Incidents of police violence and discrimination against people of color evoke our raw emotions -- pain, frustration, fear, hopelessness and anger. Sometimes our emotions overwhelm us. But they can also help energize us and fuel our work for social change.
LBL considered the fact that she looks really bad in orange and in shackles. The minutes ticked by. When the cop returned, he handed LBL her ticket.
DelRea Good was concerned for her safety when Marshall signaled for her to pull over. Good did exactly what Hughes had recommended just two years prior. And yet, she's now facing a felony charge, all for worrying about her safety as a single woman late at night.
With a national conversation surrounding concerns about police brutality taking center stage, the Better Government Association's Andy Shaw examined where such issues come from when they happen in Illinois.
I was a police canine handler for 8 years. My dog Bach was as gentle as a puppy unless he was provoked or he detected a threat against me. I had absolutely no problem bringing him into preschools and letting the children pet him and play with him. He was a part of our family, and with 4 sons, the house was always full of kids.
Is even more going on here? Something we all can learn from? The video shows the stereotypical law enforcement power trip. But it might also provide a moment to ponder whether you have been mistreated, or perhaps mistreated another person, because of an assumption that there will be no consequence.
When a community issues arrest warrants for more offenses than it has residents, something's deeply wrong. A democratic society that purports "freedom and justice for all" can't coexist with one that profiles and criminalizes poor people and communities of color.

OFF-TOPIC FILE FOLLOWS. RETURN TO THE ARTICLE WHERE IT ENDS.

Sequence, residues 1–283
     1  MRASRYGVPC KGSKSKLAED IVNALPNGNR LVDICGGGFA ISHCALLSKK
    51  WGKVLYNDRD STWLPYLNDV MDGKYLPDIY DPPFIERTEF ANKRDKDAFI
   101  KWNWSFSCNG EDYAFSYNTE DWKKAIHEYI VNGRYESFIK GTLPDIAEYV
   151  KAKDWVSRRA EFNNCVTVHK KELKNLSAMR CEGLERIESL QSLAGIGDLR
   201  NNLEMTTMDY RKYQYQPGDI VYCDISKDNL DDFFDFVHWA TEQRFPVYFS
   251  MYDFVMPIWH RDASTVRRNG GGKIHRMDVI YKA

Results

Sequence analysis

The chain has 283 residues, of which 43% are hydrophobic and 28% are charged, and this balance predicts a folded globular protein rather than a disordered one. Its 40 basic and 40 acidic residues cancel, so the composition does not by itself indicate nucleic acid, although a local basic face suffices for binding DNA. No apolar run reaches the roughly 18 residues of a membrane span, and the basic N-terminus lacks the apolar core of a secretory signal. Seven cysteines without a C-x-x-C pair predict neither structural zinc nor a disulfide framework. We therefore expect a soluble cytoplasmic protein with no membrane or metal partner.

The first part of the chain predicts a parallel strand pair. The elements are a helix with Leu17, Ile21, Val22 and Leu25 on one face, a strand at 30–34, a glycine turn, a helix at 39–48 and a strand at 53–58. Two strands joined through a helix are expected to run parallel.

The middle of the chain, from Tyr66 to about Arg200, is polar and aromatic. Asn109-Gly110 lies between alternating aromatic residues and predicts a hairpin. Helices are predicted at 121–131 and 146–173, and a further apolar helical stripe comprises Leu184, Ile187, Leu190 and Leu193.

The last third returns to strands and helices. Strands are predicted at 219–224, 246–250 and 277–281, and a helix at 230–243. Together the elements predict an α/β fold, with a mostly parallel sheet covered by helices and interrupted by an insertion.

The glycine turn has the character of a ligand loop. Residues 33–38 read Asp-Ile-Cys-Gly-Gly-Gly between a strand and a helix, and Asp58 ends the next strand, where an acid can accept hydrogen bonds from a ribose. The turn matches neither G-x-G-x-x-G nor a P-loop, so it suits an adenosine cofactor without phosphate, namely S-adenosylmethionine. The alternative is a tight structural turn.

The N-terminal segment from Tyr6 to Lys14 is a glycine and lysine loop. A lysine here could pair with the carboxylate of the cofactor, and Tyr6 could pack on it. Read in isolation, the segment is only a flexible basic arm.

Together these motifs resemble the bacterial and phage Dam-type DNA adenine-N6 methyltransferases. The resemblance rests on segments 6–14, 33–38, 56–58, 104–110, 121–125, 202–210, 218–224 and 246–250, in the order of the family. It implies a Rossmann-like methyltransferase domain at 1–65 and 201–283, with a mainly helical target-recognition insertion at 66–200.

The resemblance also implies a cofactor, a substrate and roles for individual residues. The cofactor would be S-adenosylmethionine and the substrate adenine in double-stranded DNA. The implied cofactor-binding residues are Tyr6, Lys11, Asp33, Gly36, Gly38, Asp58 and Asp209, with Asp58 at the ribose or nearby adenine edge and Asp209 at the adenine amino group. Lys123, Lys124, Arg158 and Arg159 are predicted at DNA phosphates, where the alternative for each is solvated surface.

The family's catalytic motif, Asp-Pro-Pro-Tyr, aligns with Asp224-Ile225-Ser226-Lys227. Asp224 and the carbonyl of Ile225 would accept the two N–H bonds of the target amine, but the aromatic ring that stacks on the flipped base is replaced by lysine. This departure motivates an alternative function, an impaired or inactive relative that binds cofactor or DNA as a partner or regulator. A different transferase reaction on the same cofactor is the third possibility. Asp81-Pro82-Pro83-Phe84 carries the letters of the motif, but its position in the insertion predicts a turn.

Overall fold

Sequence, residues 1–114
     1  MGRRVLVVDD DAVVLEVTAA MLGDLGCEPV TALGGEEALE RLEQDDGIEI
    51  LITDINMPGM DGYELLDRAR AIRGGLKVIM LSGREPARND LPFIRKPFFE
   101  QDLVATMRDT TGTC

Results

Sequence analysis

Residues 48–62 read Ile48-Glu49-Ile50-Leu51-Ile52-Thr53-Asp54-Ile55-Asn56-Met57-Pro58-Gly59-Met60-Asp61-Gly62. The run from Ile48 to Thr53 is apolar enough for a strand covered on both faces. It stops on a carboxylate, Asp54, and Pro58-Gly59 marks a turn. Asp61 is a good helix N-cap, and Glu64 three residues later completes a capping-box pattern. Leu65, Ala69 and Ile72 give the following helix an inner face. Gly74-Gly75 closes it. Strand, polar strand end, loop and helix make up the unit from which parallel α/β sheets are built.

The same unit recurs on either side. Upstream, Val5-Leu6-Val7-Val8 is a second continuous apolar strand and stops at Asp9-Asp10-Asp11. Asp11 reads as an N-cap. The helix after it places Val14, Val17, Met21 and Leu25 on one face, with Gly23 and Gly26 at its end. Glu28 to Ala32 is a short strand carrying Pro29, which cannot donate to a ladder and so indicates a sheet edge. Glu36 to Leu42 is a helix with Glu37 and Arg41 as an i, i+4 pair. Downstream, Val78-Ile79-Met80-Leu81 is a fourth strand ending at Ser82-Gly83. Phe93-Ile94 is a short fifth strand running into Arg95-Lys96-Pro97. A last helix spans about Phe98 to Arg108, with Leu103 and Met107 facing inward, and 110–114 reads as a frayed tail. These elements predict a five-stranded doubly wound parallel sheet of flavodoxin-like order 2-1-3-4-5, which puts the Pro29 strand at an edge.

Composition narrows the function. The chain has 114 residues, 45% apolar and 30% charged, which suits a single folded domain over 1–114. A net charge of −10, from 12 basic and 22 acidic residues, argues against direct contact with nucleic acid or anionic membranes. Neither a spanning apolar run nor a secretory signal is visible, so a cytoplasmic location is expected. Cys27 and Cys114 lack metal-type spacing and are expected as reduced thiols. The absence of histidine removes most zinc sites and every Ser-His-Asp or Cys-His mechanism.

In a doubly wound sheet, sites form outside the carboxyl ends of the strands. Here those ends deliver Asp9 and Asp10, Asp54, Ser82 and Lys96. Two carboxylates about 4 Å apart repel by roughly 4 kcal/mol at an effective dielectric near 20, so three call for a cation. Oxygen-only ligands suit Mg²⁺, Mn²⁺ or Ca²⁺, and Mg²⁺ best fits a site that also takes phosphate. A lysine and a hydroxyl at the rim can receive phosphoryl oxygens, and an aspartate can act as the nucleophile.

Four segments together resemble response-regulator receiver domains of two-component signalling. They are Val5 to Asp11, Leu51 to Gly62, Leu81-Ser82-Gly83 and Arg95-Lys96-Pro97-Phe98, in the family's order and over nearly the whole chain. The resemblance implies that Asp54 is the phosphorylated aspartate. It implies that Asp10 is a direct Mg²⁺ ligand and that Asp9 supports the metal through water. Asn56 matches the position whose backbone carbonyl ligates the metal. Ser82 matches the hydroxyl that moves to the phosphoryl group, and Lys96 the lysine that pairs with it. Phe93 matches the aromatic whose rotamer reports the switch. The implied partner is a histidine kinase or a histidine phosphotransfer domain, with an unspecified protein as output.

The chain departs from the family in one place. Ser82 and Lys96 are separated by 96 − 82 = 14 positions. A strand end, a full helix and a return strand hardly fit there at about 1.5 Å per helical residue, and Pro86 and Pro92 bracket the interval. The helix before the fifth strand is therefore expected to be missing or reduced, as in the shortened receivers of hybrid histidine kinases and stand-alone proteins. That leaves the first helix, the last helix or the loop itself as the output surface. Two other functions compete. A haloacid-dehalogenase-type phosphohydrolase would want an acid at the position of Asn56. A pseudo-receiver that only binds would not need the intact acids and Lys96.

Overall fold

It's been 31 days since the release of the White House Task Force on 21st Century Policing report, but the number of fatal police encounters is already over 100 and counting. That's an average of more than three people killed each day in March by police in America.
Practicing restorative justice begins in our everyday lives. In an everyday setting jumping to punitive measures raises questions like the following. What do you do when your neighbor/friend is verbally having a loud disagreement with her teenager?
I have been thinking a lot about violence at the hands of the state -- the police state we have become -- and the prison industrial complex (PIC) that we've developed. And since I work in higher education, I have been thinking especially of everyday abolition in the college setting.
We live in a society that sorts out and channels Black and Latino youth into poorly performing schools where they must pass through metal detectors on a daily basis, into dead-end low paying jobs where and when jobs are actually available, and too often, into prison.
The deaths of unarmed black individuals at the hands of law enforcement and the shootings of members of law enforcement has forced America to take a deeper look at the legacy of our problematic racial history.
To get beyond the headlines and the squirming of the exposed ones, there are two important things to consider. First, please, let's give at least some attention to the actual operation of racial oppression, something that goes beyond words.
Stats should never be an "outcome". The only measure of police success should be the absence of crime in a community and the ability to work with the community to achieve that goal. Period.
If affirmative action -- or, better, equal opportunity -- is to be reinstated, we need to "build it better," as the new mantra goes. And its practitioners need to keep control of their instrument.
On my honor, I will never betray my badge, my integrity, my character, or the public trust. I will always have the courage to hold myself and others ...